Potential difference, also known as voltage, is a measure of the amount of electrical energy per unit charge that is available to be transferred between two points in an electrical circuit. It is typically measured in volts and is the driving force behind the flow of electric current in a circuit.

Resistance is a measure of a material's ability to oppose the flow of electric current. It is typically measured in ohms and is determined by the material's properties, such as its conductivity and thickness.

The relationship between potential difference and resistance is described by Ohm's Law, which states that the potential difference across a conductor is directly proportional to the current flowing through it, provided that the temperature and the physical properties of the conductor remain constant. Mathematically, this relationship is expressed as V = IR, where V is the potential difference, I is the current, and R is the resistance.

This relationship has important implications for the design of electrical circuits. For example, if a circuit is designed to operate at a certain potential difference and current, the resistance of the conductor can be calculated using Ohm's Law. Similarly, if the resistance of a conductor is known, the potential difference and current can be calculated.

In practice, the potential difference and resistance of a circuit are often influenced by external factors, such as temperature and the presence of other electrical devices. As a result, the relationship between potential difference and resistance is not always a simple linear one. Nonetheless, Ohm's Law remains a useful tool for understanding and predicting the behavior of electrical circuits.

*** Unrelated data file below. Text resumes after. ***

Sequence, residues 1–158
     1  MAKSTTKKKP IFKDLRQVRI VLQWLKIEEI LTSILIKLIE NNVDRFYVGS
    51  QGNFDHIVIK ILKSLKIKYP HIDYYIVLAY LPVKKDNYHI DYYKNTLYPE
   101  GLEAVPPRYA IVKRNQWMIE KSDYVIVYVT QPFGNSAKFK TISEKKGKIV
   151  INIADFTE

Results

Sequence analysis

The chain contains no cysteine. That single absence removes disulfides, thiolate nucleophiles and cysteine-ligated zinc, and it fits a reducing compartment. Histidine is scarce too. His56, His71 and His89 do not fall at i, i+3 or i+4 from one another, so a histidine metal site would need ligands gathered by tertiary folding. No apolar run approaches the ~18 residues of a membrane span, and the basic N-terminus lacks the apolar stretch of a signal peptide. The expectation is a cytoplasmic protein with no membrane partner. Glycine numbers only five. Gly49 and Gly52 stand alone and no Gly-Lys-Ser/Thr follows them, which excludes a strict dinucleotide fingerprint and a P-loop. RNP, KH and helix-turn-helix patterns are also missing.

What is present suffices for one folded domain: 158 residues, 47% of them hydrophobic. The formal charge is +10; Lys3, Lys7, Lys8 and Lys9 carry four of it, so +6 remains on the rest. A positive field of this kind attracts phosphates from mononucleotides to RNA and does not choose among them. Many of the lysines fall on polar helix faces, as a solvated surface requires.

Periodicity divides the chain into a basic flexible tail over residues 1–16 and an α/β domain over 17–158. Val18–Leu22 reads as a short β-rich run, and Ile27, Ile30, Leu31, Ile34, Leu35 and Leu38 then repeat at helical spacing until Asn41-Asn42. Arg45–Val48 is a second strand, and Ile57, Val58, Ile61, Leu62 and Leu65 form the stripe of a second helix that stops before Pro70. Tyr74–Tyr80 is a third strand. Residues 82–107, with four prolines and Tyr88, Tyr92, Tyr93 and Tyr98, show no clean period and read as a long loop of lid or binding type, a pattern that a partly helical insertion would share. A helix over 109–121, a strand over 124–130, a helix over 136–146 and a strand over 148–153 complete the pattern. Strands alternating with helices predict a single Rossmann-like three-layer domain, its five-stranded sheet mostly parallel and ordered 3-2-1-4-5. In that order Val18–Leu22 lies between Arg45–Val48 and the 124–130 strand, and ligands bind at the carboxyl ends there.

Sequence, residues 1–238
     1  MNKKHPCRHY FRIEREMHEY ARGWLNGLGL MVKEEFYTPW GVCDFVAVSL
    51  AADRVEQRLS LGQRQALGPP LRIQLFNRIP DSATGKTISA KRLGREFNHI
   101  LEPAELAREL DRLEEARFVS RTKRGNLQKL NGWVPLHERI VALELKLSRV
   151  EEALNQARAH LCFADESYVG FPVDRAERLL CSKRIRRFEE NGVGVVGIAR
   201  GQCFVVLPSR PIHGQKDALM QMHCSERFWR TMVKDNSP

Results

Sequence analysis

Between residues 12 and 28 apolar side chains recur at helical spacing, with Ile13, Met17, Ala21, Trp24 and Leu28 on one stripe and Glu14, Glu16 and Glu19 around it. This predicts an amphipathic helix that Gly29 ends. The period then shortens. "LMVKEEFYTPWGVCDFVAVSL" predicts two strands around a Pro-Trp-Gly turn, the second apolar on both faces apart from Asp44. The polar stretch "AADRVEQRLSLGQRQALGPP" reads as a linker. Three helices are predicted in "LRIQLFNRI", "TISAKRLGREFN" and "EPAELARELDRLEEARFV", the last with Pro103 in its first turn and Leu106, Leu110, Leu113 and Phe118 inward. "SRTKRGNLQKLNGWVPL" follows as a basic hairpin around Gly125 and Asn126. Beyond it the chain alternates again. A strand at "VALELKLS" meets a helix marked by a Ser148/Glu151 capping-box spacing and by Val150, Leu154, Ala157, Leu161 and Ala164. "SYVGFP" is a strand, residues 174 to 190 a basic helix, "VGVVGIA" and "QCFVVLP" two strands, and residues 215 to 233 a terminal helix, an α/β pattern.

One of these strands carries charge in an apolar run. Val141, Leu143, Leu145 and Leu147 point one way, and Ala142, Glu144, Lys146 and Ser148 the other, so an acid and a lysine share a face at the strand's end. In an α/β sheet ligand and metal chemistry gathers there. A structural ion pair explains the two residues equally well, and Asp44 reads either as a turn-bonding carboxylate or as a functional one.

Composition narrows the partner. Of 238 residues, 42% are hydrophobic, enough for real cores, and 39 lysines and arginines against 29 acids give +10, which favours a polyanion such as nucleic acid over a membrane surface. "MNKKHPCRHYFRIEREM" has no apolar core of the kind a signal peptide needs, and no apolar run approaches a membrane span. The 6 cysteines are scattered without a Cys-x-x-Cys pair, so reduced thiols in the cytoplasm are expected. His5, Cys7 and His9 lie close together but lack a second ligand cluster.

Overall, potential difference and resistance are two key concepts in the field of electricity and play a vital role in the design and operation of electrical systems. Understanding how they interact can help engineers and technicians troubleshoot and optimize the performance of electrical circuits and devices.

## Current, Potential difference and Resistance

This effect is useful, because, it allows desired current to pass through the circuit without changing voltage source. The voltage reduction is proportional to the reciprocal of the current in the circuit and the internal resistance of the cell. The wire should stay at a constant temperature throughout the experiment. Unlimited practice questions and tests to assess performance and understanding. Energy, voltage and charge When a charge moves through a potential difference, electrical work is done and energy transferred. Therefore, by changing the value of resistance, value of current can be controlled. If you buy pendrive course you will get complementary free access to notes and tests which are available online where you will require internet to access tests and notes.

## Understand Current, Potential Difference and Resistance Worksheet

The inclusion of any links does not necessarily imply a recommendation or endorse the views expressed within them. This content is copyrighted and cannot be used for commercial purpose or reproducing any kind of sale, copy or content. Resistance is measured in ohms Î©. If we are given two of the current, voltage and resistance, we can calculate the third. How to Calculate Power given electric potential difference and resistance? Generally, Rheostat, a variable resistance device is attached with the circuit ti change the resistance of the circuit. The potential difference across them will be different if they have different resistances. Generally, metals are good conductors.

## Difference between EMF and Potential Difference

Repeat the measurements of length, current and potential difference. Using an ammeter, voltmeter, switch and a variable resistor, set up the circuit shown below. The terminal voltage of a cell equals the emf of the cell only if the internal resistance is zero and the circuit is open. Potential difference is also known as voltage and is measured in volts V. This difference is only produced by the electric field. Electric Potential Difference - Measured in Volt - Electric potential difference, also known as voltage, is the external work needed to bring a charge from one location to another location in an electric field.